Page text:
House Democrats forced through a short-term funding measure Tuesday to keep the government afloat and prevent a default on U.S. debts, setting up a standoff with Senate Republicans.
In a 220-211 party-line vote, House Speaker Nancy Pelosi secured passage of the bill after tying it to disaster aid and increased funding for Afghan refugees resettlement.
“It is essential that we keep the government open,” said Mrs. Pelosi, California Democrat.
As part of the package, House Democrats are seeking to fund the government through Dec. 3. Federal funding is officially set to run out Sept. 30, the deadline to pass an annual budget, which Congress will miss again this year.
Mrs. Pelosi’s bill also suspends the federal debt-ceiling until December 2022. Democrats say that suspending the cap on how much the government can borrow to pay for federal expenditures, like bureaucratic salaries and Social Security, is needed to prevent the economy from cratering.
“Our country will suffer greatly if we do not act now to stave off this unnecessary and preventable crisis,” said House Majority Leader Steny H. Hoyer, Maryland Democrat.
Despite passing the House, the stop-gap funding bill faces longs odds in the Senate because of Mrs. Pelosi’s insistence on including the debt-ceiling suspension.
Republicans have ruled out providing the votes necessary to ensure any debt-ceiling hike overcomes the Senate’s 60-vote filibuster threshold.
Senate Minority Leader Mitch McConnell argued that if Democrats were content to pass a $3.5 trillion spending bill on party-line votes, they should also be responsible for raising the debt ceiling to make that spending possible.
“What we’re not prepared to do is to relieve the Democratic president, the Democratic House and Senate from their governing obligation to address the deficit,” said Mr. McConnell, Kentucky Republican.
GOP lawmakers are urging Democrats to deal with the debt ceiling using budget reconciliation.
The process, which Democrats are using to pass Mr. Biden’s $3.5 trillion package, allows some spending and tax measures to avoid a filibuster and pass with a simple majority of 51 votes, including the tie-breaking vote of Vice President Kamala D. Harris.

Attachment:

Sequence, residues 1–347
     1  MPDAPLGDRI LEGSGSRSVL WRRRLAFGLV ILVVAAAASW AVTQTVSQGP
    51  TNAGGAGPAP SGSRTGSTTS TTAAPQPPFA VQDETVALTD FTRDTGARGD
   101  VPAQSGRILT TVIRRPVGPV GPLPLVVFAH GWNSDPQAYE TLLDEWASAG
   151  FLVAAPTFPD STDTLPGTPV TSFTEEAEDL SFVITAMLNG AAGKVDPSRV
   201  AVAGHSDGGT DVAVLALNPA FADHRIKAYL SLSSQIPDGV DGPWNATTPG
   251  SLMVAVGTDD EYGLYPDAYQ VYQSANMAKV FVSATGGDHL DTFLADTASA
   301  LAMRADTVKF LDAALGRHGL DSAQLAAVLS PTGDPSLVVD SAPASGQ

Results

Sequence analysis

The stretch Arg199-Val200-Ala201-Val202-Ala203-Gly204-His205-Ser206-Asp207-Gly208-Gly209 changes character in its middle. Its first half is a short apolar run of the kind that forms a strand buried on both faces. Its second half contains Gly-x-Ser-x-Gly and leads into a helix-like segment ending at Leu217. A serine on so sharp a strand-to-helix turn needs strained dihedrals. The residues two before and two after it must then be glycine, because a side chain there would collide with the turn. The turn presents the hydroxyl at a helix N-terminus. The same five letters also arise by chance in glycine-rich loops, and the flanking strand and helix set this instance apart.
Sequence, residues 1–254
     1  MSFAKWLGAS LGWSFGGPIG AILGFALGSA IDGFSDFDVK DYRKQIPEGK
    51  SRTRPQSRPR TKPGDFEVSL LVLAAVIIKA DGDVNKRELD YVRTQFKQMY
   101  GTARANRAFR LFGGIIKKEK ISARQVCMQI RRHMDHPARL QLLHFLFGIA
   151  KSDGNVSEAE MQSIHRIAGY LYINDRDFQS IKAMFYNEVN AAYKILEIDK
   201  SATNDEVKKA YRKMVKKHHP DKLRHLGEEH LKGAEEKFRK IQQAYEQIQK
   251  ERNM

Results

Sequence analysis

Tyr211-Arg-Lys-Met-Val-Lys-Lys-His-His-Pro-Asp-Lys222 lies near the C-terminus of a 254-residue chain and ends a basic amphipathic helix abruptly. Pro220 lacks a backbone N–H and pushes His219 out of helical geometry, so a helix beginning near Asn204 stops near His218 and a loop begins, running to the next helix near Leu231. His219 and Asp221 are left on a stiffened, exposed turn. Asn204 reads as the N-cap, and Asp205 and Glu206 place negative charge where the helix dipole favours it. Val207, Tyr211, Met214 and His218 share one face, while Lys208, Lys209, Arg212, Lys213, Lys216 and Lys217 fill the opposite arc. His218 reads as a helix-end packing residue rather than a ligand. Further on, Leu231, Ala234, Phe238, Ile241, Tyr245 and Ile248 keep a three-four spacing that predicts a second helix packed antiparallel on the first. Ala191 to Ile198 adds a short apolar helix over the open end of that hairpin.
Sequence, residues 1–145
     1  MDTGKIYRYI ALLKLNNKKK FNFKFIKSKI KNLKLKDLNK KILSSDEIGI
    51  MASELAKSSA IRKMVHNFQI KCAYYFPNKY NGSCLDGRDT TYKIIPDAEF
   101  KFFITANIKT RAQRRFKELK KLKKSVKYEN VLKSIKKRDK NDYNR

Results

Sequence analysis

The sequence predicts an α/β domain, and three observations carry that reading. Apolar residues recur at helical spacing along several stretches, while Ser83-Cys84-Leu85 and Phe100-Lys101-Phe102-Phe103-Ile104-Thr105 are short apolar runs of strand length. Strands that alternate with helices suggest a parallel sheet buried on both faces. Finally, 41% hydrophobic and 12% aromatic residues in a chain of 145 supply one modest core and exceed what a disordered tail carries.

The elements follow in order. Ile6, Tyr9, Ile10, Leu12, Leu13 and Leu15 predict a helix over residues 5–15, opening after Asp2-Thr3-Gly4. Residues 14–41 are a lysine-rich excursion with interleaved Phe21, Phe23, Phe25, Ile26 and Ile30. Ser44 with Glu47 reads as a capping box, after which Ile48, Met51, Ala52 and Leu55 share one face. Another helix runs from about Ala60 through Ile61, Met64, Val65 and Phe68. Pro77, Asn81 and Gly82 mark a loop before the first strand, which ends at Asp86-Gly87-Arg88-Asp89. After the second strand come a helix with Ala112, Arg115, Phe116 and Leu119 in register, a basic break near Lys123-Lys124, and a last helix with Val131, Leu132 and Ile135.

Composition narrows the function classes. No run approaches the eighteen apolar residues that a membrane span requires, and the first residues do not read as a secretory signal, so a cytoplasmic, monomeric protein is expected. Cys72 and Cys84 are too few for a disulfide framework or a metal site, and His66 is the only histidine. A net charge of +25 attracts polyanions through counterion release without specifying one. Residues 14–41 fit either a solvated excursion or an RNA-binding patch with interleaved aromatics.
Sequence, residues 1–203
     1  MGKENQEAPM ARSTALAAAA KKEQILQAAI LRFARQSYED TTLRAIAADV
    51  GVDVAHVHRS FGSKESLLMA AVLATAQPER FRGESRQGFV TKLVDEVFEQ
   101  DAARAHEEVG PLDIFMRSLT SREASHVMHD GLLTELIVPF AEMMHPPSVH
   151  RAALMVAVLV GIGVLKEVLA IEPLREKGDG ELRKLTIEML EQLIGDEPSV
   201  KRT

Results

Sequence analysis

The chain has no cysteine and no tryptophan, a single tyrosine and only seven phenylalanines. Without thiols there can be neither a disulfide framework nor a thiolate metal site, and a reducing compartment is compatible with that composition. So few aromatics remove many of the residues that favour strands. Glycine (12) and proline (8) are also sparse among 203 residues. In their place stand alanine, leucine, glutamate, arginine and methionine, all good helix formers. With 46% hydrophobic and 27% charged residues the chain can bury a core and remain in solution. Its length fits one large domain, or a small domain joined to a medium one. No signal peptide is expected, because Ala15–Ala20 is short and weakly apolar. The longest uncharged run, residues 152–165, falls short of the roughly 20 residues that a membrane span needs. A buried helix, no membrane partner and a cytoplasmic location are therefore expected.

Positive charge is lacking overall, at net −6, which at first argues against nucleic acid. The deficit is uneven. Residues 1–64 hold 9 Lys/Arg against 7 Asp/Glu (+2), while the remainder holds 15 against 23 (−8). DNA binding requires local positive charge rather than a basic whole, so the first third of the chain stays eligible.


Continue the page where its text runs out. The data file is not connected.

Senate Majority Leader Charles E. Schumer, New York Democrat, claims the tactics amount to “playing with fire.”
Republicans, though, are not sold on the need to bail out Democrats on the debt-ceiling. At the moment only four GOP senators are seen as likely to back the Democratic bill.
Two of those Republican lawmakers, Sens. Bill Cassidy and John Kennedy, hail from Louisiana, which was hit hard by Hurricane Ida earlier this month. Mr. Kennedy has already signaled that he will back the bill because of the disaster aid.
“I need the help,” Mr. Kennedy said. “My people, I mean those in Southwest Louisiana … got hit with one of the most powerful storms that we’ve ever experienced.”
The majority of Republicans, however, are opposing the Democrats’ gambit. Even moderates, like Sen. Mitt Romney, are lining up behind Mr. McConnell and GOP leadership on the issue.
“They don’t want a single Republican vote on spending measures, but they think we should have to raise the debt limit for them,” said Mr. Romney, Utah Republican. “The Democrats could solve that problem all by themselves. They have the House, the Senate and the White House.”
Given that the Senate is split evenly between both parties, Democrats are unlikely to find the 10 GOP votes necessary to overcome a filibuster.
Despite the reality, Democrats are unwilling to entertain the idea as it would for them to specify a new, higher ceiling. Many, especially vulnerable Democrats already facing tough reelection bids, don’t want to be on record for raising the federal debt cap above the current limit of $28.5 trillion.
“We can do it through reconciliation. Leadership has said they don’t want to do that,” said House Budget Committee Chairman John Yarmuth, Kentucky Democrat, on MSNBC. “The reason is if we do that through reconciliation, we actually have to specify a number.”
With Democrats unwilling to act unilaterally and Republicans not ready to compromise, a government shutdown and possible default on U.S. debts appear increasingly likely.
Treasury Secretary Janet Yellen has warned that Congress must raise the debt ceiling by mid-October for the government to continue paying its bills.
“We have learned from past debt limit impasses that waiting until the last minute to suspend or increase the debt limit can cause serious harm to business and consumer confidence, raise short-term borrowing costs for taxpayers, and negatively impact the credit rating of the United States,” Ms. Yellen wrote in a letter to congressional leaders.